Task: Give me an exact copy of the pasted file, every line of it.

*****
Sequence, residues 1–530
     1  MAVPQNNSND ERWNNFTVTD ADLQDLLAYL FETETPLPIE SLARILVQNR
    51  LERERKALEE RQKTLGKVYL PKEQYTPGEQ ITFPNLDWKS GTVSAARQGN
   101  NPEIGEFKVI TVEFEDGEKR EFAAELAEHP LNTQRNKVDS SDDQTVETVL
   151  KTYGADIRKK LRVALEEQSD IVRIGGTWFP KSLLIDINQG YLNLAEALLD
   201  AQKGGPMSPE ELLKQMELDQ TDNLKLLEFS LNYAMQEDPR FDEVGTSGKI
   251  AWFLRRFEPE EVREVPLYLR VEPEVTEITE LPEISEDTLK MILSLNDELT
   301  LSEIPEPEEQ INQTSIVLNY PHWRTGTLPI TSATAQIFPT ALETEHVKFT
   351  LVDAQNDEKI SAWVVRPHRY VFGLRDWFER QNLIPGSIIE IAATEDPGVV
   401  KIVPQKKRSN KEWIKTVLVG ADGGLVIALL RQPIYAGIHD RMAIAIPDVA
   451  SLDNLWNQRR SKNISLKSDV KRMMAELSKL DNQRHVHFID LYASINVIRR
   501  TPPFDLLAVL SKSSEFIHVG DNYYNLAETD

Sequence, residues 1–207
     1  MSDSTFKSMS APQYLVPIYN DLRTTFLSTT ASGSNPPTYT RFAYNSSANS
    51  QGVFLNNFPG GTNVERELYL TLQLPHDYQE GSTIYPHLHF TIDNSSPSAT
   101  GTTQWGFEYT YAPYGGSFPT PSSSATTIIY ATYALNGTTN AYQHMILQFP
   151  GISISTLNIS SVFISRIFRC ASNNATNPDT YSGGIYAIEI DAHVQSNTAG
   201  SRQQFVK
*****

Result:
Sequence, residues 1–530
     1  MAVPQNNSND ERWNNFTVTD ADLQDLLAYL FETETPLPIE SLARILVQNR
    51  LERERKALEE RQKTLGKVYL PKEQYTPGEQ ITFPNLDWKS GTVSAARQGN
   101  NPEIGEFKVI TVEFEDGEKR EFAAELAEHP LNTQRNKVDS SDDQTVETVL
   151  KTYGADIRKK LRVALEEQSD IVRIGGTWFP KSLLIDINQG YLNLAEALLD
   201  AQKGGPMSPE ELLKQMELDQ TDNLKLLEFS LNYAMQEDPR FDEVGTSGKI
   251  AWFLRRFEPE EVREVPLYLR VEPEVTEITE LPEISEDTLK MILSLNDELT
   301  LSEIPEPEEQ INQTSIVLNY PHWRTGTLPI TSATAQIFPT ALETEHVKFT
   351  LVDAQNDEKI SAWVVRPHRY VFGLRDWFER QNLIPGSIIE IAATEDPGVV
   401  KIVPQKKRSN KEWIKTVLVG ADGGLVIALL RQPIYAGIHD RMAIAIPDVA
   451  SLDNLWNQRR SKNISLKSDV KRMMAELSKL DNQRHVHFID LYASINVIRR
   501  TPPFDLLAVL SKSSEFIHVG DNYYNLAETD

Sequence, residues 1–207
     1  MSDSTFKSMS APQYLVPIYN DLRTTFLSTT ASGSNPPTYT RFAYNSSANS
    51  QGVFLNNFPG GTNVERELYL TLQLPHDYQE GSTIYPHLHF TIDNSSPSAT
   101  GTTQWGFEYT YAPYGGSFPT PSSSATTIIY ATYALNGTTN AYQHMILQFP
   151  GISISTLNIS SVFISRIFRC ASNNATNPDT YSGGIYAIEI DAHVQSNTAG
   201  SRQQFVK